Spousal maintenance, also known as alimony or spousal support, refers to the financial support paid by one spouse to the other during or after a divorce or legal separation in Colorado. The purpose of spousal maintenance is to address any economic imbalances that may exist between the spouses as a result of the marriage and its dissolution.
Here are some key points about spousal maintenance in Colorado:
Like child support, there are some specific formula or guideline for calculating spousal maintenance in Colorado. The court does have broad discretion in determining the amount and duration of spousal maintenance based on various factors.
When deciding whether to award spousal maintenance and determining its amount and duration, the court considers several factors, including:
– The financial resources and earning capacity of each spouse
– The standard of living established during the marriage
– The duration of the marriage
– The age and health of each spouse
– The contributions of each spouse to the marriage, including childcare and homemaking
– The education and training of each spouse
– Any economic or other disadvantages suffered by one spouse due to the marriage
Temporary and Permanent Maintenance:
Spousal maintenance in Colorado can be awarded on a temporary or permanent basis. Temporary maintenance is often awarded during the divorce proceedings to provide financial support until a final determination is made. Permanent maintenance, on the other hand, may be awarded for a longer duration or until certain triggering events occur, such as remarriage or the death of either spouse.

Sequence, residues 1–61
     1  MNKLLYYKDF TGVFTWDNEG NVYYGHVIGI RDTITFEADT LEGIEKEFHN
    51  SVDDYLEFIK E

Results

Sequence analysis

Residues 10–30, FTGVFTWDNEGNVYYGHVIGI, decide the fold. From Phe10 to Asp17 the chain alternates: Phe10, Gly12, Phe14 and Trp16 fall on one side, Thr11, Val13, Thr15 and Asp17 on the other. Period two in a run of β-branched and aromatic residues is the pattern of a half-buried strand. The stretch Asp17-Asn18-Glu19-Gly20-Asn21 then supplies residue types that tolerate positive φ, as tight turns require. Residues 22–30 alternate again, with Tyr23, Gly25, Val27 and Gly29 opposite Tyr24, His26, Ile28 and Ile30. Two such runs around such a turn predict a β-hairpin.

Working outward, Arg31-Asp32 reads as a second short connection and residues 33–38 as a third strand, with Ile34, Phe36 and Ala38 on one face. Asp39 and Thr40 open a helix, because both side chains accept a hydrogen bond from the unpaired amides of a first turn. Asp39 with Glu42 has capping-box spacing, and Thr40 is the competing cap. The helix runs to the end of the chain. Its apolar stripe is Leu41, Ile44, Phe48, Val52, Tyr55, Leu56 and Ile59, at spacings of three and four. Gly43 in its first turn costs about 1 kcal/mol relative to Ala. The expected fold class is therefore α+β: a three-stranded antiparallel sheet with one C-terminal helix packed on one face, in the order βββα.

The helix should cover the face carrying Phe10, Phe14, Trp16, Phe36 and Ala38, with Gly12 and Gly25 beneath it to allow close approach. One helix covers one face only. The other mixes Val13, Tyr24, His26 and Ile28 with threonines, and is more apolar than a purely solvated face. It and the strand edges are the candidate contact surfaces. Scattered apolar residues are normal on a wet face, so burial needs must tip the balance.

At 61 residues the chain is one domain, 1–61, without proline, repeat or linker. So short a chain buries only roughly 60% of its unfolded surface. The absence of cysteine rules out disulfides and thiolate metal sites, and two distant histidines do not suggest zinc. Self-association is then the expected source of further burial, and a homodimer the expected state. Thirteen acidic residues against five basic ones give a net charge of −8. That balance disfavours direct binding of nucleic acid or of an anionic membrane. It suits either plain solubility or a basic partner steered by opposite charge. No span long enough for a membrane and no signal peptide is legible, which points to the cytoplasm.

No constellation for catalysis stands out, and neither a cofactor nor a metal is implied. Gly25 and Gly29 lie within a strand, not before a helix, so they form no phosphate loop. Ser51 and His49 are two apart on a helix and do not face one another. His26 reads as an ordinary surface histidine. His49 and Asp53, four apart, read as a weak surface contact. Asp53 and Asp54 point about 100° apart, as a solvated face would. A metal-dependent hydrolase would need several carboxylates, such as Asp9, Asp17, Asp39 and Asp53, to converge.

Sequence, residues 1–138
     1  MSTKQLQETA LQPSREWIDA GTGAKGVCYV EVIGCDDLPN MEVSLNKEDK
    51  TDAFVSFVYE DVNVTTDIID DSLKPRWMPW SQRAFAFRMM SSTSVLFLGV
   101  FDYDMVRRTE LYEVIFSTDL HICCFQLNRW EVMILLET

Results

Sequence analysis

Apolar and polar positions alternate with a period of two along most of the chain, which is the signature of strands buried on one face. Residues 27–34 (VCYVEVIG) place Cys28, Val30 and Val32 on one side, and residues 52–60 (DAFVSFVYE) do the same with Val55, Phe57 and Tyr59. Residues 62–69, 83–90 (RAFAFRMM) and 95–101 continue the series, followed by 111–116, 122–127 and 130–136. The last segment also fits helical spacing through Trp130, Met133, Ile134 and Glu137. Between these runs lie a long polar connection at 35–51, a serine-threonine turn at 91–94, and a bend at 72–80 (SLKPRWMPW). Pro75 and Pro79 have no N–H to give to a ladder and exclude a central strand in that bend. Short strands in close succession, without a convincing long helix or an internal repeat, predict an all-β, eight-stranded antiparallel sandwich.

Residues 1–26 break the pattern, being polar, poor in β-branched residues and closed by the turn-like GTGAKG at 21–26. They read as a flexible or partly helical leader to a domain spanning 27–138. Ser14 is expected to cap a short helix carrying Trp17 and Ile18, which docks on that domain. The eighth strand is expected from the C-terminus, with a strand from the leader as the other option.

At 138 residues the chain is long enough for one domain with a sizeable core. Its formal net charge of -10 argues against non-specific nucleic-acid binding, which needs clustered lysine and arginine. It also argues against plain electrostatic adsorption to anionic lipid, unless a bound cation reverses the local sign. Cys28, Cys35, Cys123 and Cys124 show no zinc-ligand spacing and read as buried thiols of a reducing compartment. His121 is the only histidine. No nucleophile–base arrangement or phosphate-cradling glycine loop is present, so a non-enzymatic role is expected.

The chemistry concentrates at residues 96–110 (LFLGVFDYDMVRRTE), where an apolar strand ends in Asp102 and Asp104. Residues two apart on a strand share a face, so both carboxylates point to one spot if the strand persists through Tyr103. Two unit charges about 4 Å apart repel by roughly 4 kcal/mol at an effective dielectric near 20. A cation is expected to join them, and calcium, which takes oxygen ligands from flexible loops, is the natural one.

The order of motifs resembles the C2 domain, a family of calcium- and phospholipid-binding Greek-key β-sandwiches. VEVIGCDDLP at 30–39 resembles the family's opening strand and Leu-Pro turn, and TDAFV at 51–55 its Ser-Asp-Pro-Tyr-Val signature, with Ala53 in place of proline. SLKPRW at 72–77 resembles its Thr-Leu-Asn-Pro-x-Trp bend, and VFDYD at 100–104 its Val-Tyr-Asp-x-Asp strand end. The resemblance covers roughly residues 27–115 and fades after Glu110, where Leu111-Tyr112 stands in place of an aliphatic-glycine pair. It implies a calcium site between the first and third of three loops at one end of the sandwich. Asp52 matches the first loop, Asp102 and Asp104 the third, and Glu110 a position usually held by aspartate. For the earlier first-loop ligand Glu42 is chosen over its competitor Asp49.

Spousal maintenance orders can be modified if there is a substantial and continuing change in circumstances that makes the original order unfair or unreasonable. This is much more difficult if the parties agree to make Spousal Maintenance a contractual agreement. Either spouse can request a modification by filing a motion with the court.
Spousal maintenance orders in Colorado can terminate under certain conditions, including the death of either spouse, the remarriage of the recipient spouse, or the recipient spouse cohabiting with a new partner in a committed relationship.
It’s worth noting that under the Tax Cuts and Jobs Act of 2017, for divorces finalized after December 31, 2018, spousal maintenance is no longer tax-deductible for the paying spouse, and the recipient spouse no longer includes it as taxable income.
Please understand that spousal maintenance laws can be complex, and the specific outcome in any given case will depend on the unique circumstances involved. If you need detailed advice or have specific questions about spousal maintenance in Colorado, it’s recommended to consult with an attorney or a family law professional who can provide guidance tailored to your situation.